Some Generalizations Of The CrissCross Method For Quadratic Programming
 MATH. OPER. UND STAT. SER. OPTIMIZATION
, 1992
"... Three generalizations of the crisscross method for quadratic programming are presented here. Tucker's, Cottle's and Dantzig's principal pivoting methods are specialized as diagonal and exchange pivots for the linear complementarity problem obtained from a convex quadratic program. ..."
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Cited by 13 (8 self)
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Three generalizations of the crisscross method for quadratic programming are presented here. Tucker's, Cottle's and Dantzig's principal pivoting methods are specialized as diagonal and exchange pivots for the linear complementarity problem obtained from a convex quadratic program. A finite crisscross method, based on leastindex resolution, is constructed for solving the LCP. In proving finiteness, orthogonality properties of pivot tableaus and positive semidefiniteness of quadratic matrices are used. In the last section some special cases and two further variants of the quadratic crisscross method are discussed. If the matrix of the LCP has full rank, then a surprisingly simple algorithm follows, which coincides with Murty's `Bard type schema' in the P matrix case.
Exact Arithmetic at Low Cost  a Case Study in Linear Programming
 Computational Geometry  Theory and Applications
, 1999
"... We describe a new exactarithmetic approach to linear programming when the number of variables n is much larger than the number of constraints m (or vice versa). The algorithm is an implementation of the simplex method which combines exact (multiple precision) arithmetic with inexact (floating point ..."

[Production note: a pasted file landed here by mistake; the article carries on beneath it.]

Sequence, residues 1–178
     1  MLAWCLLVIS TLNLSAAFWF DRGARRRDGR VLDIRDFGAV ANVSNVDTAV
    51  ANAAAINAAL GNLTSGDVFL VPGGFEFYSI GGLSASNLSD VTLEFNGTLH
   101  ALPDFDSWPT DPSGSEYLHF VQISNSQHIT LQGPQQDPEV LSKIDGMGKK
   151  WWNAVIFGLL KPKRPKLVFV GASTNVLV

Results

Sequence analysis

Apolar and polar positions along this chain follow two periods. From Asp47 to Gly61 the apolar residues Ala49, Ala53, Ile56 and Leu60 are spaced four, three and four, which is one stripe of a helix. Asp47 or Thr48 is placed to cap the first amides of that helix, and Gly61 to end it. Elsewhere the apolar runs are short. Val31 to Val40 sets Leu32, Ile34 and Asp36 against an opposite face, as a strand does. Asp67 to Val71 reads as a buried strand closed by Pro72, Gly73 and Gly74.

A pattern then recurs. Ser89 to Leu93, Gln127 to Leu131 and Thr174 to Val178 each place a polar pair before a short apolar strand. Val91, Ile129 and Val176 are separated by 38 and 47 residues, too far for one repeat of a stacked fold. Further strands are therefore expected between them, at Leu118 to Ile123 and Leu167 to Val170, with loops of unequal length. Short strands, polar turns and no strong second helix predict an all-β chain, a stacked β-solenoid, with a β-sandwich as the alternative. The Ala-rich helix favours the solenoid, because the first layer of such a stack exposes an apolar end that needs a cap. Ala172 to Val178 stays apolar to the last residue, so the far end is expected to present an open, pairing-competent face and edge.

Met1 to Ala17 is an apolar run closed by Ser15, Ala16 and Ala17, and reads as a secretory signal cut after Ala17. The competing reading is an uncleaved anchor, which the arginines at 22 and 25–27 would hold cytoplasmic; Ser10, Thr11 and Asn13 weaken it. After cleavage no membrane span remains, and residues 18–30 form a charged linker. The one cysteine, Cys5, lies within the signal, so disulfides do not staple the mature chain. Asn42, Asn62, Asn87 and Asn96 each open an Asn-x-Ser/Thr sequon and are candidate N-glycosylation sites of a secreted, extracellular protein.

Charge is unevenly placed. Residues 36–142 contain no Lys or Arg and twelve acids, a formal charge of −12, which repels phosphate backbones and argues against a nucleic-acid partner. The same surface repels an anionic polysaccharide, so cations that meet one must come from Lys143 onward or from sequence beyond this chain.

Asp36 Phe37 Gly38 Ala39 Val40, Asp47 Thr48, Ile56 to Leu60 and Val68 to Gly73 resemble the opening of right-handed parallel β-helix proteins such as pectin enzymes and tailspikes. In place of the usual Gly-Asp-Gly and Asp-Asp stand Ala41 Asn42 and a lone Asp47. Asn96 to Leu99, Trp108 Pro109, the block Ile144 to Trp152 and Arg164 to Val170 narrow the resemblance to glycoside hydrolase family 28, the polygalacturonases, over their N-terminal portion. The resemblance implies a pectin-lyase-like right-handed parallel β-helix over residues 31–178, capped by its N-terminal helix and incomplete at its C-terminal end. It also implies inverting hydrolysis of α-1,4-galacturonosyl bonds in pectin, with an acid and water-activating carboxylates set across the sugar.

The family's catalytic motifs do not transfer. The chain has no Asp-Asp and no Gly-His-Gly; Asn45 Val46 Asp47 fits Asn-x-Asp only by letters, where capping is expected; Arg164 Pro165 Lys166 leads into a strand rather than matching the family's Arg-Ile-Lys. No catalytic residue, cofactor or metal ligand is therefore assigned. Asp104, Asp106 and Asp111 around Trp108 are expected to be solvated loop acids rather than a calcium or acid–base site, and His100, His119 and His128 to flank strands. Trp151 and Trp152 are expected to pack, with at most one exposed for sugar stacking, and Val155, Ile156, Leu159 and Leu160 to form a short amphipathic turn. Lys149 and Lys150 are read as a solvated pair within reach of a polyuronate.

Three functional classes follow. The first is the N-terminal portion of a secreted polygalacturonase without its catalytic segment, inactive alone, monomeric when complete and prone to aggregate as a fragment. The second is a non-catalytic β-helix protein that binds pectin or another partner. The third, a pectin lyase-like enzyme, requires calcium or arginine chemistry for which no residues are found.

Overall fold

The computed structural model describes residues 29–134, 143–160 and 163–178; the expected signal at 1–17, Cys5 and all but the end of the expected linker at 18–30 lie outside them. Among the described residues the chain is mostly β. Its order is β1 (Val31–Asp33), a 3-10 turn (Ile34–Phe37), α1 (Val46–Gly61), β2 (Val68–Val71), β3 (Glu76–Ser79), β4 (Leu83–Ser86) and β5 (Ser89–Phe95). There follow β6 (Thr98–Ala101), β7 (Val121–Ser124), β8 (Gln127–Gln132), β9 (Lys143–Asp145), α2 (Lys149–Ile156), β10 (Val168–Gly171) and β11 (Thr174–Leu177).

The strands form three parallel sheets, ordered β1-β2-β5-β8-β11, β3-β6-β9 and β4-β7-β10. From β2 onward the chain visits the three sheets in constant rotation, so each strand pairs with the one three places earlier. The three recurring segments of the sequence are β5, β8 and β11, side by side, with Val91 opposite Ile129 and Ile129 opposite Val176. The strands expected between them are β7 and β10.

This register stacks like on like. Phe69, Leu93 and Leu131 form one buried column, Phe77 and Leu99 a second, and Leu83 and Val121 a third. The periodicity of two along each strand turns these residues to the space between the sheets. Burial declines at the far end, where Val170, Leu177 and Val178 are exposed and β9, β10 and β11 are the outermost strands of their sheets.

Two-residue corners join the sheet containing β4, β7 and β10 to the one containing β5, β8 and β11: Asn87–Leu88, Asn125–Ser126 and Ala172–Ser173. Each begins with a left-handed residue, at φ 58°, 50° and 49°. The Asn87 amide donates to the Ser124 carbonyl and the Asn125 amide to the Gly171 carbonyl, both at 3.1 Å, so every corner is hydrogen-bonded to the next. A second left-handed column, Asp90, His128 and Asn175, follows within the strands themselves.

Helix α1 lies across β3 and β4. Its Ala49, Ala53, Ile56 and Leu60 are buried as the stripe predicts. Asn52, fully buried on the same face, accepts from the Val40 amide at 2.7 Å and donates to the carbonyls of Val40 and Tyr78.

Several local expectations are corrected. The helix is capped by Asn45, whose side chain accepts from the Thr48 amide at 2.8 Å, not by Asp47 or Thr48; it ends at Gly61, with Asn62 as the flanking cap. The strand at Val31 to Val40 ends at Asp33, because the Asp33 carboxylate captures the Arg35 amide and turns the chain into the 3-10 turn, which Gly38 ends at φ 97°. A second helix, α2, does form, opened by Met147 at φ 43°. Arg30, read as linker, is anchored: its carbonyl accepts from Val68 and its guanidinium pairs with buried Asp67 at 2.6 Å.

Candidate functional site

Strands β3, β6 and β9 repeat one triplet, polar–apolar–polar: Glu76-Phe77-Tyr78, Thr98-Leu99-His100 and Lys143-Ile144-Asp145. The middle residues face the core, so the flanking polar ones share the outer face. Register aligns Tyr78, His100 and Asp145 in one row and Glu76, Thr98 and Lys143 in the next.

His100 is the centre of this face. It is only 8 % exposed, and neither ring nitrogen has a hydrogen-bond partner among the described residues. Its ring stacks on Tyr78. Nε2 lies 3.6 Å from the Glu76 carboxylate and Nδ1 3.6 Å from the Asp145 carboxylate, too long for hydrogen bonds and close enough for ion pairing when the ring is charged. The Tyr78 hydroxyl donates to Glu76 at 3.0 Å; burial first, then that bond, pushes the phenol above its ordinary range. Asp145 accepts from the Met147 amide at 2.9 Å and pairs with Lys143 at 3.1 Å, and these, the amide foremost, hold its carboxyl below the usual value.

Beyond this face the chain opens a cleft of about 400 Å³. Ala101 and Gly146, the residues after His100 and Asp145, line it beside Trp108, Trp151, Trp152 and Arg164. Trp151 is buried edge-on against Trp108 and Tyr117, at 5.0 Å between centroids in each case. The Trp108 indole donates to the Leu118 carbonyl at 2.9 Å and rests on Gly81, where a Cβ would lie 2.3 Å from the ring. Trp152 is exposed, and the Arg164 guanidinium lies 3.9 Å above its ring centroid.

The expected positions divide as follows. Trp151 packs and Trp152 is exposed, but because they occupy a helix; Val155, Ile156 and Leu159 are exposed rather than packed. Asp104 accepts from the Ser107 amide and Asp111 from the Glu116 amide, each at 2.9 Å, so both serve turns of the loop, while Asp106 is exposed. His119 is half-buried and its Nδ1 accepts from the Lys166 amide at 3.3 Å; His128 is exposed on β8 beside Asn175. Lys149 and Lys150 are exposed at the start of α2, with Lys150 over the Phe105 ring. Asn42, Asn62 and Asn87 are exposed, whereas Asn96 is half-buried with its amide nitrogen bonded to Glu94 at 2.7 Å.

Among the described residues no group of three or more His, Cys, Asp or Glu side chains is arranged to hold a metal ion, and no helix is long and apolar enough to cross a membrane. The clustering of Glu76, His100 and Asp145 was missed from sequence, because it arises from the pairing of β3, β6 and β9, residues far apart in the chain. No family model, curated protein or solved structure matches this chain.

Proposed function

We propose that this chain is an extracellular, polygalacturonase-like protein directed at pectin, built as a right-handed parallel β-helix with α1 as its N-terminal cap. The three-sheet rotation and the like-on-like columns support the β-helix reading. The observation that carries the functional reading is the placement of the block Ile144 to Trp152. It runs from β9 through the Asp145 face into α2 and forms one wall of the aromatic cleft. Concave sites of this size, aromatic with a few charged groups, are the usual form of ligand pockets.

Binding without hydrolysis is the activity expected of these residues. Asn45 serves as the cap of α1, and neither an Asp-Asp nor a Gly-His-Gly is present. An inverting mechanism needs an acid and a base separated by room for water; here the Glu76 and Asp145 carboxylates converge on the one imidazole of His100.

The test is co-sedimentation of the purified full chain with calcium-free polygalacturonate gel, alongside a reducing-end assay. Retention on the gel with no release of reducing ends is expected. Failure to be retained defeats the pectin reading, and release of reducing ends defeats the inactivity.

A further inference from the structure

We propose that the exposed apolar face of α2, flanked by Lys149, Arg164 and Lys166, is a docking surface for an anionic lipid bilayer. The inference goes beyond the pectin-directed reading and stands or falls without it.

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Cited by 10 (4 self)
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We describe a new exactarithmetic approach to linear programming when the number of variables n is much larger than the number of constraints m (or vice versa). The algorithm is an implementation of the simplex method which combines exact (multiple precision) arithmetic with inexact (floating point) arithmetic, where the number of exact arithmetic operations is small and usually bounded by a function of min(n; m). Combining this with a "partial pricing" scheme (based on a result by Clarkson [8]) which is particularly tuned for the problems under consideration, we obtain a correct and practically efficient algorithm that even competes with the inexact stateoftheart solver CPLEX 1 for small values of min(n; m) and and is far superior to methods that use exact arithmetic in any operation. 1 Introduction Linear Programming (LP)  the problem of maximizing a linear objective function in n variables subject to m linear (in)equality constraints  is the most prominent optimization ...
SENSITIVITY ANALYSIS IN CONVEX QUADRATIC OPTIMIZATION: INVARIANT SUPPORT SET INTERVAL
, 2004
"... In sensitivity analysis one wants to know how the problem and the optimal solutions change under the variation of the input data. We consider the case when variation happens in the right hand side of the constraints and/or in the linear term of the objective function. We are interested to find the r ..."
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Cited by 9 (4 self)